What this book does better than its competitors is to uncover and present the political story that killed the space program for women in this country.
Weitekamp's clear prose, engaging style of storytelling, and rich analysis make this not only an important book but a lively and enjoyable read.
(Sarah Eppler Janda H-Minerva, H-Net Reviews
The best, most balanced treatment available about the thirteen Fellow Lady Astronaut Trainees.
(Amy E. Foster History: Reviews of New Books
The most carefully researched and analyzed account of this important chapter in the history of the U.S. space program... Highly recommended.
(Deborah G. Douglas Journal of American History
A solidly researched, fact-driven account... Weitekamp is the rare historian who sees the big picture as well as the fine detail.
(Eve Lichtgarn AssociatedContent.com
Weitekamp gives us a well-researched... study of this pre-feminist movement attempt to put women into outer space.
(Robert D. Dean American Historical Review
This book sets a high standard for future studies of space policy and gender in politics, and includes an outstanding essay on sources that will be of great assistance to students of women's and space history.
(Elizabeth Lutes Hillman Journal of Military History
Presents a well documented, skillfully crafted perspective on the stifling political, social, and cultural milieu in which thirteen aspiring female astronauts found themselves during the late 1950s and early 1960s.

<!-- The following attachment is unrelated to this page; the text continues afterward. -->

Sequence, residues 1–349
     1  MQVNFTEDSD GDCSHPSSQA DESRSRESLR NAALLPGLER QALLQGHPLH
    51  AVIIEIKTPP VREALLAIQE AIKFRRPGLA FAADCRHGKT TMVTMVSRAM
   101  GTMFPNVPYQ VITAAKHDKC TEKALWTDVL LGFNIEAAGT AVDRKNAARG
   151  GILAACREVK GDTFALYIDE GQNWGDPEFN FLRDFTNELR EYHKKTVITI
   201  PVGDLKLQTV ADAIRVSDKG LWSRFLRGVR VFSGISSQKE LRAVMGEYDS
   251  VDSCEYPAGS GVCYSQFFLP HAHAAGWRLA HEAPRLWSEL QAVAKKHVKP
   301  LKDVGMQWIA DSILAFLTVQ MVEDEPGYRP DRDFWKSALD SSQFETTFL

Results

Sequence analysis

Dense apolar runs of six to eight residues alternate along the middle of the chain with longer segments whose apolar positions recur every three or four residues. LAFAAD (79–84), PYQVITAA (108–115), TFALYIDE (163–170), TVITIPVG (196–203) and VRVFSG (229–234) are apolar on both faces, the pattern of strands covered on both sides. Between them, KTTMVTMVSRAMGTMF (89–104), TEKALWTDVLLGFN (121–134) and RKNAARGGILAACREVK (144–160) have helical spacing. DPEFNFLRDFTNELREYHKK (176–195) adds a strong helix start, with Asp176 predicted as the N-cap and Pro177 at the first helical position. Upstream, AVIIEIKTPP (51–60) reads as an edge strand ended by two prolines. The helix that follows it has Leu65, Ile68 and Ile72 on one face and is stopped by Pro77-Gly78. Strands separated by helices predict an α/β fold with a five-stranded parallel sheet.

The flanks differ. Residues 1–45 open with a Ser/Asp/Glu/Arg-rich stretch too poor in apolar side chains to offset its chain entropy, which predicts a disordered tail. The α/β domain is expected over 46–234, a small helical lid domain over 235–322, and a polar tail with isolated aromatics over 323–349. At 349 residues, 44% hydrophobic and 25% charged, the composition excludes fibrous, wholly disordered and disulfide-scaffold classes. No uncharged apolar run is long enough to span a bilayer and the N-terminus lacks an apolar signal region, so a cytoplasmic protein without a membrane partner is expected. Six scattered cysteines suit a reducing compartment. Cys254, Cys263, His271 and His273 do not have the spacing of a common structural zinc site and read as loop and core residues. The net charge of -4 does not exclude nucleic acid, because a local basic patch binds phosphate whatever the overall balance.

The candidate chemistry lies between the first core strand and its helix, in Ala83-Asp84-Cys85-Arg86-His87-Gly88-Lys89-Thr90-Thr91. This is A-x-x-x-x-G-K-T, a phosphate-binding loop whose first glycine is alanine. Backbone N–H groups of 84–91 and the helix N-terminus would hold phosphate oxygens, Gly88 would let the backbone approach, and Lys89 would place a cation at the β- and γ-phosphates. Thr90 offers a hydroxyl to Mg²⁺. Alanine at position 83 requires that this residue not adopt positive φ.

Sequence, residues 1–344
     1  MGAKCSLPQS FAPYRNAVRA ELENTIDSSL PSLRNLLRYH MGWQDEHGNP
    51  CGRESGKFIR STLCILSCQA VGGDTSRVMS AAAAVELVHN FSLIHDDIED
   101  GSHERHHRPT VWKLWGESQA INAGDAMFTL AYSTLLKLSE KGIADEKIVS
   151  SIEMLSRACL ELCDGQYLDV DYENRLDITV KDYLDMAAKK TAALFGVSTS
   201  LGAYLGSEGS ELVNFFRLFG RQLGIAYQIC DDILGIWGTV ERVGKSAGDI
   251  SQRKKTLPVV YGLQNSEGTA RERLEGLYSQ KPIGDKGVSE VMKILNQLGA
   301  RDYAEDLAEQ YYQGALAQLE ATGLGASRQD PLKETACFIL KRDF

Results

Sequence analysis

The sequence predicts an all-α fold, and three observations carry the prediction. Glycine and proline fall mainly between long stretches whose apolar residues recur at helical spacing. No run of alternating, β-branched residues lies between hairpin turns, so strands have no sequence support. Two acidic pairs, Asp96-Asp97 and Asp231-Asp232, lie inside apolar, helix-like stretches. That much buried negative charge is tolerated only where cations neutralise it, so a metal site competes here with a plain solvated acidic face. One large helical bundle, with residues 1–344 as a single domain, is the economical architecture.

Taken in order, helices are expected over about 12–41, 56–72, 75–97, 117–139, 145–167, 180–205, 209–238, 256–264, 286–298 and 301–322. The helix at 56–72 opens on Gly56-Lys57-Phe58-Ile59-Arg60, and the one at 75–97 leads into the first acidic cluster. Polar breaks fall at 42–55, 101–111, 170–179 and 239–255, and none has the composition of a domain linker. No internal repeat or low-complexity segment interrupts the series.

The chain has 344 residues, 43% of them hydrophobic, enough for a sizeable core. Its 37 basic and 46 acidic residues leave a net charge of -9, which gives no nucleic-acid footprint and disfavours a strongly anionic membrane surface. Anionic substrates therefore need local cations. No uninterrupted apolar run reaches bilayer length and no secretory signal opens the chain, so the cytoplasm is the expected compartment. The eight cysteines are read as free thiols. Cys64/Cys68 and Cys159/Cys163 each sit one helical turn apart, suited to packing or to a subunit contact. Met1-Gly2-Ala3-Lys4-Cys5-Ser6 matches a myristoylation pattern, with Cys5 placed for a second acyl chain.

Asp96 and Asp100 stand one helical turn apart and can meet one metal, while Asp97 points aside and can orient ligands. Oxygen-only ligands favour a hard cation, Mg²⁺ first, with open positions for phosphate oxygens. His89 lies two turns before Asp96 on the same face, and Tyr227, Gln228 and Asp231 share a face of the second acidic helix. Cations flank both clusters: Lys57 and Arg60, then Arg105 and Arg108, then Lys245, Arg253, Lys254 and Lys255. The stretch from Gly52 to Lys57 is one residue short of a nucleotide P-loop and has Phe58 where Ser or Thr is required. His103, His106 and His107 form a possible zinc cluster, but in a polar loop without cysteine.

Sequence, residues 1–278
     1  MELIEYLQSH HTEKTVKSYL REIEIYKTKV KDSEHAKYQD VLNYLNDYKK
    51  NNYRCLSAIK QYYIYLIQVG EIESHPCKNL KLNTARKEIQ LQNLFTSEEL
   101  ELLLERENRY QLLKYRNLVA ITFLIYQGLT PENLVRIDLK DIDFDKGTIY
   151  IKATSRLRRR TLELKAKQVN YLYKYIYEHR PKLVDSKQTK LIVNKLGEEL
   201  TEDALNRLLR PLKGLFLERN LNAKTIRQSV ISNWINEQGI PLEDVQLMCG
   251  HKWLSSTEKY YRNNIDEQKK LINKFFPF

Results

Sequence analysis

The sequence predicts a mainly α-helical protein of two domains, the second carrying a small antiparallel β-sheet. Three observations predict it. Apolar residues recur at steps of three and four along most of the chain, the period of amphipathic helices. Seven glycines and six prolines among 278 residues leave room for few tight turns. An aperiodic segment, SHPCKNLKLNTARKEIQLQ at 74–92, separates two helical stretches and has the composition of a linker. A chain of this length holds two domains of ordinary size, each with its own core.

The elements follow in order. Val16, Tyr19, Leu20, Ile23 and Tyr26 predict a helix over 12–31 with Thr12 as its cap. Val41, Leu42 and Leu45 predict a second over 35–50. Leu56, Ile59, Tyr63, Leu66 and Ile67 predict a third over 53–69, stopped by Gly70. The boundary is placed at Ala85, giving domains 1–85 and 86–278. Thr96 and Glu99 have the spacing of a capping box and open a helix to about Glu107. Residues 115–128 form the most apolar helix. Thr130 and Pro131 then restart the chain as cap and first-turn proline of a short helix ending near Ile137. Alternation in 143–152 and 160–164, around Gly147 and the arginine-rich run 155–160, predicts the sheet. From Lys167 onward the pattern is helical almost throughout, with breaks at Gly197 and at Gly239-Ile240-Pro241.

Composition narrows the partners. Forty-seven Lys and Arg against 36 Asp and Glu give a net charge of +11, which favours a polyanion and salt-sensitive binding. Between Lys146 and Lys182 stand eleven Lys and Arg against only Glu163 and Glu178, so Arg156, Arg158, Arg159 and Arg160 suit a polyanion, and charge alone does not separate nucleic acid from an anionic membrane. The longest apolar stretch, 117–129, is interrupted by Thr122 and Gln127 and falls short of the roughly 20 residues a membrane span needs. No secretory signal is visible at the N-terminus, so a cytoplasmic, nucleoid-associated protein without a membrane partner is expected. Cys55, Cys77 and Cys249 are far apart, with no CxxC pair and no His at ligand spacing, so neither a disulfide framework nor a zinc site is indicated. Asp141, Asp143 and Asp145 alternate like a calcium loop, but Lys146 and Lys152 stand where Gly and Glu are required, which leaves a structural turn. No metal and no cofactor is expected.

(Rick W. Sturdevant Space Times
Weitekamp's vivid writing brings to life the texture of American life in what she calls the 'prefeminist' era.
(Bettyann Holtzmann Kevles Historian
A solidly researched, fact-driven account of the brief flameout known as Women in Space program.
This book offers a fascinating read for anyone interested in the early history of the American space program, as well as those non-spacers interested in women's studies.
(Satellite Evolution Group
Weitekamp has done a terrific job of capturing a fascinating story.
(Joseph Romito Air Power History
From the Back Cover
Margaret Weitekamp traces the rise and fall of the Lovelace Woman in Space program within the context of the cold war and the thriving women's aviation culture of the 1950s, showing how the Lovelace trainees challenged prevailing attitudes about women's roles and capabilities. In examining the experiences of the would-be Lady Astronauts, this study documents the achievements and frustrated hopes of a remarkable group of women.